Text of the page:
French, Duncan (1999, September 22) Sustainable development and the 1991 Madrid Protocol to the 1959 Antarctic Treaty: The primacy of protection in a particularly sensitive environment. Journal of International Wildlife Law & Policy. Retrieved September 14, 2004 at
Gonzalez, Gustavo. (2001, November 7). Environment Antarctica: "Noise pollution" putting birds at risk. Inter-Press Service English News Wire. Retrieved September 14, 2004 at
Gottlieb, Carrie. (1988, August 29) Rushing to the end of the earth. (Tourism to Antarctica) Fortune. Retrieved September 14, 2004 at
Graeme Addison. (1999, March 1) Antarctic ice revealing some cold truths about the Earth's climate, The Worldpaper (USA). Retrieved September 14, 2004 at
Guidelines: Tour Operators, International Association of Antarctica Tour Operators. Retrieved September 18, 2004 at
Hawley, Chris. (1999, May 29) Japan opposes whaling limits. AP Online. Retrieved September 14, 2004 at
Human presence boosts penguin survival. (2004, April 15), United Press International. Retrieved September 14, 2004 at
Illegal, unregulated and unreported (IUU) fishing. CCAMLR Web site. Retrieved September 17, 2004 at
Keene, Howard. (1998, April 22). New Zealand seeks to take a lead in guarding Antarctic wilderness. The Press (Canterbury, New Zealand). Retrieved September 14, 2004 at
Lake Vostok. Antarctic and Southern Ocean Coalition (ASOC) Web site. Retrieved September 16, 2004 at
Lemonick, Michael D. (1990, January 15) Antarctica: Once inaccessible and pristine, the white continent is now threatened by spreading pollution, budding tourism and the world's thirst for oil. Time. Retrieved September 14, 2004 at
Membership Directory, International Association of Antarctica Tour Operators. Retrieved September 18, 2004 at
Madrid Protocol. Committee for Environmental Protection Web site. Retrieved September 19, 2004 at
Mulvaney, Kieran. (1997, November 21) The last wild place. (Antarctica)E Magazine. Retrieved September 14, 2004 at
Options for Lake Vostok. Antarctic and Southern Ocean Coalition (ASOC) Web site. Retrieved September 16,2004 at
Polar zones: France takes action to protect the Antarctic. (2003, April 17). Europe Environment; Retrieved September 14, 2004 at
Protection measures against Antarctica's tourist invasion. (2004, April 1) Ecos. Retrieved September 14, 2004 at
Reporting Obligations Database (ROD). Committee for Environmental Protection Web site. Retrieved September 21, 2004 at
Rubin, Lonely Planet Web site. Retrieved September 15, 2004 at;
S. Africa to boost research in Antarctica.(2004, May 26). Xinhua News Agency. Retrieved September 14, 2004 at
Sands, Philippe. (1993, January 1) Enforcing environmental security: the challenges of compliance with international obligations. (Keeping the Peace: Conflict Resolution in the Twenty-First Century) Journal of International Affairs. Retrieved September 14, 2004 at
Smith, Roff. (2001, December 1) Frozen under: the mercies of moonlight, open water, and sunrise soon to come soften the Antarctic night in late summer. Known for harsh extremes -- as the coldest, windiest, driest, darkest continent on Earth -- Antarctica confers an otherworldly grace. National Geographic. Retrieved September 13,2004 at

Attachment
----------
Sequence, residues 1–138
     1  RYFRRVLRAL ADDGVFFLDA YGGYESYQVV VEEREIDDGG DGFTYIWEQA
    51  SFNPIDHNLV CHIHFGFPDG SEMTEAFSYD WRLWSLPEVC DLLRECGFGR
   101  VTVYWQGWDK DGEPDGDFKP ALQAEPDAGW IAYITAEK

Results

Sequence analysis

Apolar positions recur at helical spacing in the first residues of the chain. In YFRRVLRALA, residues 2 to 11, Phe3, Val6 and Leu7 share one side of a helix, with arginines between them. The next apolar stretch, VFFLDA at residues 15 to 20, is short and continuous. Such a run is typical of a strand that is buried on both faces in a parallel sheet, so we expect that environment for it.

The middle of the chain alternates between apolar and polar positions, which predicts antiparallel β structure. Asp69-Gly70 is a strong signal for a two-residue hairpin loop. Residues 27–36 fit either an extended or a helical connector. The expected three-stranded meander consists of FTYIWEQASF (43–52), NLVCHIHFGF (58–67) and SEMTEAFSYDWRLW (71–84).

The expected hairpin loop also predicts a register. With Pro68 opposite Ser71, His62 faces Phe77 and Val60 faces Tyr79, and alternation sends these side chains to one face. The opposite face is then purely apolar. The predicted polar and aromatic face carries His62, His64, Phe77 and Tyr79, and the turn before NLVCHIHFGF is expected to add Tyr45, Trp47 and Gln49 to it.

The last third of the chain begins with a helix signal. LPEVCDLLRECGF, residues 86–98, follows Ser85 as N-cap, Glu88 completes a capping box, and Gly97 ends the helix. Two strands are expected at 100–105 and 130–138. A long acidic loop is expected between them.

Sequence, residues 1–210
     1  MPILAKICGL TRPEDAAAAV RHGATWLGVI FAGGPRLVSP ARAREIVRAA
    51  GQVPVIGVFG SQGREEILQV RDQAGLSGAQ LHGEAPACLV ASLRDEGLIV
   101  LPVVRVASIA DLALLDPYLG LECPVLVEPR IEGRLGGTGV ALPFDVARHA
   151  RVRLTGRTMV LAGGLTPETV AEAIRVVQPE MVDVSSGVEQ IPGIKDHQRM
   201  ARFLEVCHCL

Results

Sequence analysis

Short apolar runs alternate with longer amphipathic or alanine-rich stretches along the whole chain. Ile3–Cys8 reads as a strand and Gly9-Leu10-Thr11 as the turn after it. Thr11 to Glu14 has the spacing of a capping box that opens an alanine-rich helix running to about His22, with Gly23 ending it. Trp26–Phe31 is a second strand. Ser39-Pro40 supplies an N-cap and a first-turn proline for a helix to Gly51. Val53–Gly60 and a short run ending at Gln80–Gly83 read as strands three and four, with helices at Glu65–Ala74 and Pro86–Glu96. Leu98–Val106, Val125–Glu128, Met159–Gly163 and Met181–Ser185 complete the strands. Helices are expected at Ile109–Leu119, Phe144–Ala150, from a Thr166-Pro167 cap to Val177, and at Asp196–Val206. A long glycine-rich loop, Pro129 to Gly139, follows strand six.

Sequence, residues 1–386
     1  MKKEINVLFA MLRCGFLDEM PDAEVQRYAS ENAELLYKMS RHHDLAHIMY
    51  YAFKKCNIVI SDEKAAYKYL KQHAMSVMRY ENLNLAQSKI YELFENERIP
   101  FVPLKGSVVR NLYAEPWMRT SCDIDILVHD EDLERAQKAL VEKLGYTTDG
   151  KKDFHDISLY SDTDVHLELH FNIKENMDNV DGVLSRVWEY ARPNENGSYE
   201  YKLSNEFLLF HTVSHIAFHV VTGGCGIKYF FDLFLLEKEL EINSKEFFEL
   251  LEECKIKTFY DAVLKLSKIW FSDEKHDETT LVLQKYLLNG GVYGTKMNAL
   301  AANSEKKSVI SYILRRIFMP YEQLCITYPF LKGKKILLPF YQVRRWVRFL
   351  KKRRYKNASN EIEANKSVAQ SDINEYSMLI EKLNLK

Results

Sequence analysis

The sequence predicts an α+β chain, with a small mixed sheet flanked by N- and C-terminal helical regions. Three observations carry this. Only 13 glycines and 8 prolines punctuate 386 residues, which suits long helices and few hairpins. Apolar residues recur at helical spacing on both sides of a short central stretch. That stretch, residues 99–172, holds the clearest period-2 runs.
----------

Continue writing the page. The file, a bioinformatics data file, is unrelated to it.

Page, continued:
Sundquist, Bruce. The Earth's carrying capacity: Some literature reviews. Retrieved September 12, 2004 at
M2 Presswire. Retrieved September 14, 2004 at
Time International. Retrieved September 14, 2004 at
Vatican Dispatches "Mother Earth" to Antarctica. (2001, October 1) Lantis Web site. Retrieved September 17, 2004 at
United Nations Office at Geneva Web site. Retrieved September 20, 2004 at
U.S. Antarctic program and environmental stewardship Web page. Retrieved September 18, 2004 at
Vandenack, Tim. (2001, March 1) At the end of the world: Granted, it's a tiny market. But Chile's Aerovias DAP aims to grow its lucrative air charter traffic to Antarctica. (Strategies). Latin CEO: Executive Strategies for the Americas. Retrieved September 14, 2004 at
Welcome to the Hotel Antarctica: The EPA's interim rule on environmental impact assessment of tourism in Antarctica. (1998, Fall) Emory University Law School Web site. Retrieved September 20, 2004 at
West, Marcus (2000, June 1) Wasting away.Geographical. Retrieved September 14, 2004 at

Cite this Document:

"International Regulation Of Tourism In Antarctica" (2004, September 22) Retrieved October 4, 2023, from

"International Regulation Of Tourism In Antarctica" 22 September 2004. Web.4 October. 2023. <>

"International Regulation Of Tourism In Antarctica", 22 September 2004, Accessed.4 October. 2023,

Related Documents
Environmental Issues Faced in 21st Century Aviation
Words: 20526 Length: 62 Pages Topic: Transportation Paper #: 317773

Environmental Issues Faced in 21st Century Aviation Reducing Communication and Coordination Tools and Metrics Technology, Operations and Policy Demand Aviation and the Environment Effects on the health Local Air Quality Climate Change Total Climate impacts from aircraft Interdependencies Mobility, Economy and National Security Interactions between Government, Industry and Groups Aviation Greenhouse Gas Emissions Economic Impact SPCC Regulations Local Airport Issues De-icing Fluids A Framework for National Goals Realities and Myths Metrics Recommended Actions Environmental Issues Faced in 21st Century Aviation Environmental awareness in regards to 21st century aviation among the public and politicians has